-Kushal Pokharel

In an interview for YCombinator, Facebook’s Founder Mark Zuckerberg implied that Facebook’s first outside investor Peter Thiel was focused on strategy of ‘Network Effects’. Mark remembers how his interest to put people at the center helped him make strategy about Facebook. Thiel is an angel investor — co-founder of PayPal & writer of the book 'Zero to One', who has invested in numerous startups. Web companies celebrated the late 1990s like a party. Their IPOs were valued massively which lasted till the dot com bubble. Back then the new life was the web and almost everything and everybody went web. While today, a few have survived — Amazon, eBay, PayPal, Google and some other small names. When the bubble burst, reality took away a lot of investors’ money.

Mark Zuckerberg (left) at Startup School 2013.

A couple of months ago, a nation invested $3.5 billion dollars into a privately funded multinational startup. Uber might have just stolen the show from Facebook as Facebook tries to establish itself as a monopoly service company. No other company might have reimagined how mobile devices & web could change the way people used physical services. A reason Uber succeeded can be because it tapped the network effect and the right problem. Mobile devices penetration created the network while the web was open-to-all long time ago. The effect is, hence, millions of users, a $60 billion valued ‘startup’ without an IPO anytime soon, and its regional clones.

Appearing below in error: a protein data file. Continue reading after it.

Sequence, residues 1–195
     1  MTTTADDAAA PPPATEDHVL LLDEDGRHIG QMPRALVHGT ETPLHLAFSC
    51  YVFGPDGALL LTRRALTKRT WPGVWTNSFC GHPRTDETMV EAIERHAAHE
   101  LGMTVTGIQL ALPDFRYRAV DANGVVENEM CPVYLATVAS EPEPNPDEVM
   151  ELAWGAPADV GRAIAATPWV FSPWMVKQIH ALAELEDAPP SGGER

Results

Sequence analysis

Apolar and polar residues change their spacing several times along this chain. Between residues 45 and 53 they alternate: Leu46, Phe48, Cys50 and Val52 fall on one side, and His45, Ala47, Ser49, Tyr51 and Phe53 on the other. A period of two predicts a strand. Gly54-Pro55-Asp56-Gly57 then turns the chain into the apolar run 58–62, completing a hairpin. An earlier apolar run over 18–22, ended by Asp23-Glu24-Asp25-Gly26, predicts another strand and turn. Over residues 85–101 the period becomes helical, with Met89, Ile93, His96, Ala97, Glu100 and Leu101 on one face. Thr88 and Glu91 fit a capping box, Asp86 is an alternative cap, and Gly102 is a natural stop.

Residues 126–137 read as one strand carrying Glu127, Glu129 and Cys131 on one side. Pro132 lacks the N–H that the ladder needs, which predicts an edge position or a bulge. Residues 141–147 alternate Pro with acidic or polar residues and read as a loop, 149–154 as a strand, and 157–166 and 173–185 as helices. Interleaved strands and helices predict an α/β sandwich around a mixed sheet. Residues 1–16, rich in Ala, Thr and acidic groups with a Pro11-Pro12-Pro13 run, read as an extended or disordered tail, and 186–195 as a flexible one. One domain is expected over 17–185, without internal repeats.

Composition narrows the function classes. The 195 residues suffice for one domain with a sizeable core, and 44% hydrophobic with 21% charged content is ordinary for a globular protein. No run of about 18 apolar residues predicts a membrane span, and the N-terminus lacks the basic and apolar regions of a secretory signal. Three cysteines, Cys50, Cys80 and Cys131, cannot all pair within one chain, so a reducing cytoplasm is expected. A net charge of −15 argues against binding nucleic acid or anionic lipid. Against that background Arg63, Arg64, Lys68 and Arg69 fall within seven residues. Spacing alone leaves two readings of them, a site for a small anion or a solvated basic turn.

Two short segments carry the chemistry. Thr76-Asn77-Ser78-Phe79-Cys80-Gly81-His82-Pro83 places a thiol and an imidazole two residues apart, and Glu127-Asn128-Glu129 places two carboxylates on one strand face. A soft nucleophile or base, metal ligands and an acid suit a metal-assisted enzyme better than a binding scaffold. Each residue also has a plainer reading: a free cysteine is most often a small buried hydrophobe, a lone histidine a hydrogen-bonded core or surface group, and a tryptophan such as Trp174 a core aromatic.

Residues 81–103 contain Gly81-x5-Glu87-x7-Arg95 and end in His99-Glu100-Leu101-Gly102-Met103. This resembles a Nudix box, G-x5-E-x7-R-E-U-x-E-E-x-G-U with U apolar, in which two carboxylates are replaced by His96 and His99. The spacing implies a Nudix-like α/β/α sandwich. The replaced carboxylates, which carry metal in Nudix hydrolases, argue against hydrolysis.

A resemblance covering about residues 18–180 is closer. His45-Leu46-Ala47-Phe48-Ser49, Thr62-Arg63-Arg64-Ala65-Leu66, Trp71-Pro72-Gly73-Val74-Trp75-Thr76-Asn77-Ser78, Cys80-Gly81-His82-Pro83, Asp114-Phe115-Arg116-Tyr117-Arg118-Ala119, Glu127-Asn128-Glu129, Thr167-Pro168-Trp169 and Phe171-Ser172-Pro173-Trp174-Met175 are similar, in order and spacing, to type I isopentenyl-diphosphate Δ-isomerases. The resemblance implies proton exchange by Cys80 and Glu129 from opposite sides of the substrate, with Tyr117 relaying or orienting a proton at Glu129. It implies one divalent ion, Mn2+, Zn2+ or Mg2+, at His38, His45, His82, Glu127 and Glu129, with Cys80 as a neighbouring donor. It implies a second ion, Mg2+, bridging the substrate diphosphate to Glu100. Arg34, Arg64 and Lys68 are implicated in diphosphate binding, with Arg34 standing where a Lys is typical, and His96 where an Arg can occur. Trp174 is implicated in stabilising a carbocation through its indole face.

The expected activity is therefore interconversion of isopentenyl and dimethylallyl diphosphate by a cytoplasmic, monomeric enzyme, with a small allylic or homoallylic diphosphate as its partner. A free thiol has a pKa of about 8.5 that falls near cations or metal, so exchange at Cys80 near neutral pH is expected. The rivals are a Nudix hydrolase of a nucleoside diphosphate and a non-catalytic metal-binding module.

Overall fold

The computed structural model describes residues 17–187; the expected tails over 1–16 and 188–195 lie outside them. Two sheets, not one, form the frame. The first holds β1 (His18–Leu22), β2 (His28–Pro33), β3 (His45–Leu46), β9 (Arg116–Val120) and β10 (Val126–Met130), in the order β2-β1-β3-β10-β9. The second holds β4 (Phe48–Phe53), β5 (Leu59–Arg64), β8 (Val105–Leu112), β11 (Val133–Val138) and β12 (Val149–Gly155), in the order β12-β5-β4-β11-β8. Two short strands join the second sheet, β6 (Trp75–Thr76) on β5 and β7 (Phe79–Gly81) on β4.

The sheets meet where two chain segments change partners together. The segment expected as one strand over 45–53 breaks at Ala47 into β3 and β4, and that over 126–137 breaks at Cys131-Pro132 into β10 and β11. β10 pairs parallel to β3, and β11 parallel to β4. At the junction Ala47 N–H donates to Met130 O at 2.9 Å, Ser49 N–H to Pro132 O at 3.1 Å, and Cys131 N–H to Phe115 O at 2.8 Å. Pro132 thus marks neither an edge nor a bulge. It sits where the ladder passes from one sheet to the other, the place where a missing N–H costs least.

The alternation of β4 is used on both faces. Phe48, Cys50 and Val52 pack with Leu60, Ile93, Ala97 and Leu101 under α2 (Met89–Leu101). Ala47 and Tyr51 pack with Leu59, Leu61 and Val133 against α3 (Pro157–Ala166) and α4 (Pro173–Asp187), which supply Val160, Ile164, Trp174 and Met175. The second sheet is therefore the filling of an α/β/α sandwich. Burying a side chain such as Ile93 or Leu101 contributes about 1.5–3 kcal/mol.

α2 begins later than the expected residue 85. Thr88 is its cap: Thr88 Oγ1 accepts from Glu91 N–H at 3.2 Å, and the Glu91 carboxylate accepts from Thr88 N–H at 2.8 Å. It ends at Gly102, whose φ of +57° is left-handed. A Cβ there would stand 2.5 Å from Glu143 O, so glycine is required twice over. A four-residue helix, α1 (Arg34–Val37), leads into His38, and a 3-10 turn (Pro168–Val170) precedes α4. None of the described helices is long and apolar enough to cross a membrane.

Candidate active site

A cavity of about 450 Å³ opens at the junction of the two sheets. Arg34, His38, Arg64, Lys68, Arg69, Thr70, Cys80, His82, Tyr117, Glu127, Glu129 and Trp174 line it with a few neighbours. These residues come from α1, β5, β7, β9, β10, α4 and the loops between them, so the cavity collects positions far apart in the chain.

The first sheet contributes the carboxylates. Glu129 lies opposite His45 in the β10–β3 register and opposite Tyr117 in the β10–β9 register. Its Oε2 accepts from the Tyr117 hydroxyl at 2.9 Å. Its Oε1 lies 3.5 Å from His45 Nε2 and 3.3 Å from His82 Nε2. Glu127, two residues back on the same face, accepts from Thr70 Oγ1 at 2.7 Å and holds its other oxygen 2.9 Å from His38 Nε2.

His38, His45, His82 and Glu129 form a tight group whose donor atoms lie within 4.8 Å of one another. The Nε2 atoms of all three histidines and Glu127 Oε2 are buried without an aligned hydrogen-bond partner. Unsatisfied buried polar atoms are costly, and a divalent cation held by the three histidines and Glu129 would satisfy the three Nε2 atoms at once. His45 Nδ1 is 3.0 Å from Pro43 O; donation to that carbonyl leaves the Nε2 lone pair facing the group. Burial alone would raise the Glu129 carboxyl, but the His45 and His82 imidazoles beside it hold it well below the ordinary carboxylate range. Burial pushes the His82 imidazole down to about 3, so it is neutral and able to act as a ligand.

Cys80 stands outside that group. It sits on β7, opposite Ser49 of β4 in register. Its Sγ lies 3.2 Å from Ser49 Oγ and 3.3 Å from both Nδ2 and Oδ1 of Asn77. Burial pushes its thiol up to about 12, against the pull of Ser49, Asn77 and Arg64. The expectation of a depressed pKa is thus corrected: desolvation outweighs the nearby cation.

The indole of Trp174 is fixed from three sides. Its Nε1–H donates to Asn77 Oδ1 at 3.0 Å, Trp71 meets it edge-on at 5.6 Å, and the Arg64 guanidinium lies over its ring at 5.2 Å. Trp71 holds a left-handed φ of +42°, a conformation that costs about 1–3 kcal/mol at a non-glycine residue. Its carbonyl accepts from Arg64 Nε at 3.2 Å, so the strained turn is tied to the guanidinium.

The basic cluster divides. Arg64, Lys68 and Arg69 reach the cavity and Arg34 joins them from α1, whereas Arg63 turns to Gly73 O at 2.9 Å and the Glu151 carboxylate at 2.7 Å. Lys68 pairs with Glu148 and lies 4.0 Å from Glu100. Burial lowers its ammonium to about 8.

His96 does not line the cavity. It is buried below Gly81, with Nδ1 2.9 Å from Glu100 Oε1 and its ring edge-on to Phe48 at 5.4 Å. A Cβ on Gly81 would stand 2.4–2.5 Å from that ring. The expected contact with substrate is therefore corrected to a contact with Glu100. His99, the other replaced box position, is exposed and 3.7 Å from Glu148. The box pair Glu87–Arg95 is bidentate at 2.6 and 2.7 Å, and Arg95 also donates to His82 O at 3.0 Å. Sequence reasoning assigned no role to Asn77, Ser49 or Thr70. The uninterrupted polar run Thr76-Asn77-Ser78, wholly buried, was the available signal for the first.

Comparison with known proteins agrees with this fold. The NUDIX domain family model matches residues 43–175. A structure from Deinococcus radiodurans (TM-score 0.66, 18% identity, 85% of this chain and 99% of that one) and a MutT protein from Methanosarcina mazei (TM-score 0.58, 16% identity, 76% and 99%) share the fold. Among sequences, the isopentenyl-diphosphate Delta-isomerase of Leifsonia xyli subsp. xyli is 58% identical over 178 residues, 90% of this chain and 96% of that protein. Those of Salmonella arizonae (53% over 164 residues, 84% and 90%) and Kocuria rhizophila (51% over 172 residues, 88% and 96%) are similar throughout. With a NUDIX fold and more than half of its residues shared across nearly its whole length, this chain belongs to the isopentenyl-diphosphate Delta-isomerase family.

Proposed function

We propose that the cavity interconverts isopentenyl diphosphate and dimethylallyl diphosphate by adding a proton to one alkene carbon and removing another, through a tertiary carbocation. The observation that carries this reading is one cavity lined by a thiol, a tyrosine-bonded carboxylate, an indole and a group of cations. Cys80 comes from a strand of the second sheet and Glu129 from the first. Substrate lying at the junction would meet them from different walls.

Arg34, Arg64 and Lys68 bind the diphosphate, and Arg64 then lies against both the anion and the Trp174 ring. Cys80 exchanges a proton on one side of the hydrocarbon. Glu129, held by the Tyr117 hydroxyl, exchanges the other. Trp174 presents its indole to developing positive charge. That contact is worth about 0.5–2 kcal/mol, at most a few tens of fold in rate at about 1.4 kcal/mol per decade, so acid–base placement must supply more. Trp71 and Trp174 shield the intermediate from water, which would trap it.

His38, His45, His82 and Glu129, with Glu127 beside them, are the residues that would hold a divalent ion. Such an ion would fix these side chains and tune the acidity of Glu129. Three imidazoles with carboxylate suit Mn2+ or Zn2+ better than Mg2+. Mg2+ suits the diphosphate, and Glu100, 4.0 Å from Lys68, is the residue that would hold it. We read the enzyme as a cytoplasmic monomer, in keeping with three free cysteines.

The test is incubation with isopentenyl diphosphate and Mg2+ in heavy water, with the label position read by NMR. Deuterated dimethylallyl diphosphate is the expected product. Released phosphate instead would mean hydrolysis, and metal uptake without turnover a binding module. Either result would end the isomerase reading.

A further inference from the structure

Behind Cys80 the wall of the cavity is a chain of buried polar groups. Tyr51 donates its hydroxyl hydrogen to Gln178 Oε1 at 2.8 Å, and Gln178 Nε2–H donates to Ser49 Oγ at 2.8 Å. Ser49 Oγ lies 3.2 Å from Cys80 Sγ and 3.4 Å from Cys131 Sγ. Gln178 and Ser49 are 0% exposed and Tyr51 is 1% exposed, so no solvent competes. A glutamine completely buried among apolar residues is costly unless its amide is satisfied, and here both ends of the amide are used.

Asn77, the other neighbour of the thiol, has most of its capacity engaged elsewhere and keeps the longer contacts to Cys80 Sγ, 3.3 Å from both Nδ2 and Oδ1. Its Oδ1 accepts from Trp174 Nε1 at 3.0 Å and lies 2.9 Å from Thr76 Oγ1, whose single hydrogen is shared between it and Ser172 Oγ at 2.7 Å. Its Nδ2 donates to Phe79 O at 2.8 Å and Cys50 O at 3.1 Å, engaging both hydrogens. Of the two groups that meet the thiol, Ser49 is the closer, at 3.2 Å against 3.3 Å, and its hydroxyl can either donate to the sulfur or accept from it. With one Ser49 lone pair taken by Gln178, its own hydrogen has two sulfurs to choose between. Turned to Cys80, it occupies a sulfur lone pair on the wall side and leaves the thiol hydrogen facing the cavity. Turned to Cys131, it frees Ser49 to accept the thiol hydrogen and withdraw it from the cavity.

The observations of recent high-profiled startups have one thing in common — they are using mobile device users. The mobile device penetration is yet to decrease long time from now. So there is already a solution, a medium which the users will not depart from anytime soon. Now, how would a problem look like for a solution that is now so easy to develop? Of all complains that we make, of all the problems that we face — how do we find a right problem? If finding or reaching to a problem is not all that we want, how do we find a regional Uber/Facebook? After we find one, we will have got a lot done.

As of now if we have not thought about cloning Facebook or Uber or, if more daringly, Google as our next startup, let’s look at what makes Uber — Uber, Facebook — Facebook, Google — Google and a door away startup with potentials a potentially successful startup. The pie to the analysis is they have common grounds — network effect and a point where problem coincides with the solution.

User Need to Product Availability

In mathematical  terms,

Need α 1/Availability (Problem)

- When Users’ need increases and the service’s availability decreases, that’s a typical problem.

Need α Availability (Potential Solution)

- An imaginary solution which fulfills user’s need by increasing availability.

While we think of a problem graphically, there are some resources that are going down. As of the graph between Available resources to Users and their needs, the availability is going down. In Uber’s case, it was harder to find cabs for rent in big cities — Availability of cabs going down as needs increase. Airbnb is an online platform for rental accommodations; here availability of low price hotel was decreasing. But, as a solution, we have increasing mobile devices users. A solution to a problem requires either developing new habits in users or resonating to users' basics. Due to the increasing number of mobile phone users, if the problem can be solved by mobile technology, there is a potential solution medium already available.